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The representation of masculinity and femininity in children’s books: A deconstruction of gender in contemporary best-selling children’s literature.

Le Grange, Georgina (2015) The representation of masculinity and femininity in children’s books: A deconstruction of gender in contemporary best-selling children’s literature. Manchester Metropolitan University. (Unpublished)

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Abstract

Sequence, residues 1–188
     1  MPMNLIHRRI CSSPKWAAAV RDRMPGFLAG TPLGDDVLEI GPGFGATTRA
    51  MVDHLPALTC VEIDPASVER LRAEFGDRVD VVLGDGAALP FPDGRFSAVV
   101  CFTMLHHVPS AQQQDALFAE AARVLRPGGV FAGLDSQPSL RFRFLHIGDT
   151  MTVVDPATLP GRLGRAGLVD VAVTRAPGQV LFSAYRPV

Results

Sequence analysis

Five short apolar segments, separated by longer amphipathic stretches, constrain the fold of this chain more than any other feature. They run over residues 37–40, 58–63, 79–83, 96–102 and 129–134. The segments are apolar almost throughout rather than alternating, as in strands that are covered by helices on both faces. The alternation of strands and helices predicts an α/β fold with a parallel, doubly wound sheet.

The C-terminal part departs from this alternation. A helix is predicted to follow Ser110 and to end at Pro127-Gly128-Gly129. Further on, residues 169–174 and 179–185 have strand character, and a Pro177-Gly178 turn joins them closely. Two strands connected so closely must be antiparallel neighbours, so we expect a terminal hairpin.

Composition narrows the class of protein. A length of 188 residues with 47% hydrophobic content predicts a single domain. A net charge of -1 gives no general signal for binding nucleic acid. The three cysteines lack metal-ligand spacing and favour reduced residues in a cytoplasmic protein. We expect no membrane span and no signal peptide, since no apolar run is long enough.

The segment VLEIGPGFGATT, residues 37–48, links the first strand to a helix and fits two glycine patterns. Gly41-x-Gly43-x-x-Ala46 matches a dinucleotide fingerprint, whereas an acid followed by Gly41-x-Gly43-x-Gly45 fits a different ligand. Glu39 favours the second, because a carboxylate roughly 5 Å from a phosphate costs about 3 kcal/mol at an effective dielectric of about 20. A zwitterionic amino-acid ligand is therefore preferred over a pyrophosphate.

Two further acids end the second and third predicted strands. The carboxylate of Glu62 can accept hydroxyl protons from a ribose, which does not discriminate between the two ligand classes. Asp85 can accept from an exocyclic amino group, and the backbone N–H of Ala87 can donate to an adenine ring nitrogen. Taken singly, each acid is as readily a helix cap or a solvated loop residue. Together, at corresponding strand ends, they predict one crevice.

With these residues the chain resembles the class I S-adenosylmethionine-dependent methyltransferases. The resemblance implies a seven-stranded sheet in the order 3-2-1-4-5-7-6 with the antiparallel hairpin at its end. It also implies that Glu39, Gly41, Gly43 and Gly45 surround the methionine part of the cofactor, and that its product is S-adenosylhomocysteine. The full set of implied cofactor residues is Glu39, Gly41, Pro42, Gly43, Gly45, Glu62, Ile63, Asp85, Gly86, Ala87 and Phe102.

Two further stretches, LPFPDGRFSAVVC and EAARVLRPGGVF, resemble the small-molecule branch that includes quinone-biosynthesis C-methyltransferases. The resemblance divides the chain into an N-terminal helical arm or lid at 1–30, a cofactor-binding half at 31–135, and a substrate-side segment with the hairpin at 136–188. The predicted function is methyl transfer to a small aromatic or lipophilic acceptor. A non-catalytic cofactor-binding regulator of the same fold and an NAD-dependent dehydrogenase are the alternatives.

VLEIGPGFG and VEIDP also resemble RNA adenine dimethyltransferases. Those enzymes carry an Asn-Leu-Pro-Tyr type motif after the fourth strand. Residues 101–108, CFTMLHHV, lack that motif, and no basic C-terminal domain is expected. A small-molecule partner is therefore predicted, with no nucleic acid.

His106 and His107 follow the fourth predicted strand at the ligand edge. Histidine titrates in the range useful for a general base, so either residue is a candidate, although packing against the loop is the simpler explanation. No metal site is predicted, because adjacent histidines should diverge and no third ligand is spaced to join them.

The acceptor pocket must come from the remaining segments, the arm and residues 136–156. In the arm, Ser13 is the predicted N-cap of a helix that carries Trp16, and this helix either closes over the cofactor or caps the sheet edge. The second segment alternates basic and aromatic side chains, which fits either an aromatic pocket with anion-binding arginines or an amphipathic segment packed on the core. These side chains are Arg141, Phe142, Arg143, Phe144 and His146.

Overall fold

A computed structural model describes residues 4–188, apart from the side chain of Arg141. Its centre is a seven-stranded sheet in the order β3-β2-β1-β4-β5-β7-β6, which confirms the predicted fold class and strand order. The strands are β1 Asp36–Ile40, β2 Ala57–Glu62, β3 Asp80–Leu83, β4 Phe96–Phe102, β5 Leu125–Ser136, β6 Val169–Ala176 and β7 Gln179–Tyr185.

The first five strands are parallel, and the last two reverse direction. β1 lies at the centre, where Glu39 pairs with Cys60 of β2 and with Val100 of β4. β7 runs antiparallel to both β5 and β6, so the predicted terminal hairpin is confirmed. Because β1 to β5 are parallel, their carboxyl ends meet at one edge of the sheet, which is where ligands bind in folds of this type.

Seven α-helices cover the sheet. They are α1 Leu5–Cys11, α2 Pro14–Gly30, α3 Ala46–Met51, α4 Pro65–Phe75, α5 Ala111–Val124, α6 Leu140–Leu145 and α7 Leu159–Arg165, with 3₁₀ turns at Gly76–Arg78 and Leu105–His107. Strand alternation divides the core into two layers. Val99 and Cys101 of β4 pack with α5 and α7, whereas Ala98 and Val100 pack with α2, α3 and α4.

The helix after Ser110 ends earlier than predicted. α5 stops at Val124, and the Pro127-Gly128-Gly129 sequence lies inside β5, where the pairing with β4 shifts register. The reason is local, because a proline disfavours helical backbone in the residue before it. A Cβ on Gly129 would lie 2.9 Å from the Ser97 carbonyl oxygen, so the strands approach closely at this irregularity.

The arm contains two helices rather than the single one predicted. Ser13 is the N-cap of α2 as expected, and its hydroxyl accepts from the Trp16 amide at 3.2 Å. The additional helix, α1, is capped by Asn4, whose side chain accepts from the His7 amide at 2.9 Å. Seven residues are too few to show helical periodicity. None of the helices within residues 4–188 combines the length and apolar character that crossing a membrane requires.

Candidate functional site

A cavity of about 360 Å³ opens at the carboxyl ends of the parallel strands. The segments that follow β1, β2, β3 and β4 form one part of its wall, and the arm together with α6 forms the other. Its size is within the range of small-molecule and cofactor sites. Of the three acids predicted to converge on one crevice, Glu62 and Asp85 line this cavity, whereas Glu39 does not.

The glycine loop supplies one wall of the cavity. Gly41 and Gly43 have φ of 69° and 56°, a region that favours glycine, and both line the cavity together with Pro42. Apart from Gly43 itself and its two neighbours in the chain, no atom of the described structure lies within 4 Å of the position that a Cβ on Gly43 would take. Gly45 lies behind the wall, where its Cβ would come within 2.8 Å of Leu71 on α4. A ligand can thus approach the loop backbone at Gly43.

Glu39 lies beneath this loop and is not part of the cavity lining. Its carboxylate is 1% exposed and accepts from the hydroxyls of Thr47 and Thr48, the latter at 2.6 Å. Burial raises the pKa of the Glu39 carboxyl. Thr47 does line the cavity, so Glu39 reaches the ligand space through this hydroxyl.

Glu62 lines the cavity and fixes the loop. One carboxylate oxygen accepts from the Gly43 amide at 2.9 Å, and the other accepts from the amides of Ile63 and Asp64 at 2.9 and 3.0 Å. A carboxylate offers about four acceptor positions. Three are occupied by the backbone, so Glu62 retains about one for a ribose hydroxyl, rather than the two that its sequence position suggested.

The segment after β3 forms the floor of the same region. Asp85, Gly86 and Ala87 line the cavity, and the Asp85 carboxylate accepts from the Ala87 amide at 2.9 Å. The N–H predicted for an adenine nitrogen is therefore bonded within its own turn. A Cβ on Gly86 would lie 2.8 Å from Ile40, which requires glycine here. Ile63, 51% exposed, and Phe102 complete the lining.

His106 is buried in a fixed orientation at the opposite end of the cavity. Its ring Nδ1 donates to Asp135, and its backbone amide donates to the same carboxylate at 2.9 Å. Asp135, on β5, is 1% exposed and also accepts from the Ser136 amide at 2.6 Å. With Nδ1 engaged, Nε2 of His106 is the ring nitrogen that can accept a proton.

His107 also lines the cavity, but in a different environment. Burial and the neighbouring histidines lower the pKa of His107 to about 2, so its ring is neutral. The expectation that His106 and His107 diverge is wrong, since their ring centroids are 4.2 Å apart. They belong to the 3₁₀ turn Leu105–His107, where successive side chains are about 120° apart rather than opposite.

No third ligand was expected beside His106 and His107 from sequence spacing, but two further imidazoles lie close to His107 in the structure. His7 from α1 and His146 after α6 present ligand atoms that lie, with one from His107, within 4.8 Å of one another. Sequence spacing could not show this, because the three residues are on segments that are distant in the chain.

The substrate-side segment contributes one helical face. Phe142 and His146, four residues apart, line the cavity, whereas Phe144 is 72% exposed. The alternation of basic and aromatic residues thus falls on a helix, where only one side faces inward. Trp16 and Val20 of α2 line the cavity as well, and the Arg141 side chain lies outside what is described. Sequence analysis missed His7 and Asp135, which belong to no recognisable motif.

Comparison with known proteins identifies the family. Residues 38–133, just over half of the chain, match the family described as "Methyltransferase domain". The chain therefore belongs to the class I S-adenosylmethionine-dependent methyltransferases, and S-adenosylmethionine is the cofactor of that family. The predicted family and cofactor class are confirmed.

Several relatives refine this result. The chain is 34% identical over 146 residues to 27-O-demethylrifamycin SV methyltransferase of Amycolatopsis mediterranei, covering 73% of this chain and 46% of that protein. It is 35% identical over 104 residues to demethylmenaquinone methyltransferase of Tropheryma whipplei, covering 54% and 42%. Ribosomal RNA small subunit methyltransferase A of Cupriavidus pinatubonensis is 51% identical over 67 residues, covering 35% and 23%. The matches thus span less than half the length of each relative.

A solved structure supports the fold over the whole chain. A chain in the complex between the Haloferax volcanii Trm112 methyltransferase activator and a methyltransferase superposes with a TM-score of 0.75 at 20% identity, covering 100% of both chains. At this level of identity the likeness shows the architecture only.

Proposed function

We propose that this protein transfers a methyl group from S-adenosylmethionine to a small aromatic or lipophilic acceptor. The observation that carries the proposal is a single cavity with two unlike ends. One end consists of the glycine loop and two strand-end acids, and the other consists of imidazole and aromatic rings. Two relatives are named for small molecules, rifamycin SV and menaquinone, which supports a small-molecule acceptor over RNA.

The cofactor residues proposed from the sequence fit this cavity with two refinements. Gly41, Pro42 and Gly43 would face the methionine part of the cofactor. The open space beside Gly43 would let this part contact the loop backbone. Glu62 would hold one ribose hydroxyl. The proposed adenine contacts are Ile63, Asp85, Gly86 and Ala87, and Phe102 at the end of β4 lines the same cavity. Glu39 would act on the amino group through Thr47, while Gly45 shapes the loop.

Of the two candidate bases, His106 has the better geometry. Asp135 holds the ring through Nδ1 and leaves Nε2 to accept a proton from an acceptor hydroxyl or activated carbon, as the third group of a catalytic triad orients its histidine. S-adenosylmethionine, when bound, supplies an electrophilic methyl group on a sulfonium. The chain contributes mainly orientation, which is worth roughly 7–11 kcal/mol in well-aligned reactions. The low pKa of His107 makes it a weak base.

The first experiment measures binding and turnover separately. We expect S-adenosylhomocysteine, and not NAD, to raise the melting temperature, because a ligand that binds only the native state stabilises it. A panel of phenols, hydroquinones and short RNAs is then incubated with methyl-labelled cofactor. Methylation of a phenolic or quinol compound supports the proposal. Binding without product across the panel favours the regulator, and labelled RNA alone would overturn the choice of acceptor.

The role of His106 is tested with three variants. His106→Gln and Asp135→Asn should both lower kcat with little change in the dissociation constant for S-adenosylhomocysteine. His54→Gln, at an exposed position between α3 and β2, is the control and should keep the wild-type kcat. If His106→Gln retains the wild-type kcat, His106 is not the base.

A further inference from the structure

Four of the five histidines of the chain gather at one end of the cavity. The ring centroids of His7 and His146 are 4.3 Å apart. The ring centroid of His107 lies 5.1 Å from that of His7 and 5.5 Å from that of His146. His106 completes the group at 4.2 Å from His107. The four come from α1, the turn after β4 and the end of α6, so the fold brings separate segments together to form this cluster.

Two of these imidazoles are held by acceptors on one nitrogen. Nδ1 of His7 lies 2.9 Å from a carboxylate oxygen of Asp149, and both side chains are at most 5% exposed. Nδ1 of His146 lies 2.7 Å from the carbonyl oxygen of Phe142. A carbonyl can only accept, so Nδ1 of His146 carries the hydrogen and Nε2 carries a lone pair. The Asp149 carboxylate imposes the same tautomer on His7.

Previous research regarding gender inequality in children’s literature has focused predominantly on content analysis and paid little attention to the embedded ideological constructs within discourse. The key study by Weitzman et al (1972) discovered that females were displayed as passive, supplementary to men and underrepresented. Therefore, the current research aimed to investigate gender role discourse within best-selling contemporary literature in order to extend the findings in the research area. Potter and Wetherell’s discourse analysis (1987) was used to identify subject positions, ideological dilemmas and interpretive repertoires. The research had a feminist poststructuralist perspective which assisted the identification of power structures within 21st century books. The findings displayed that females were no longer passive as they had equally present roles within the narrative however, female opportunities were limited to domesticity in comparison to males who had endless freedom. Concluding remarks propose that gender inequality is still pressing issue within children’s literature.

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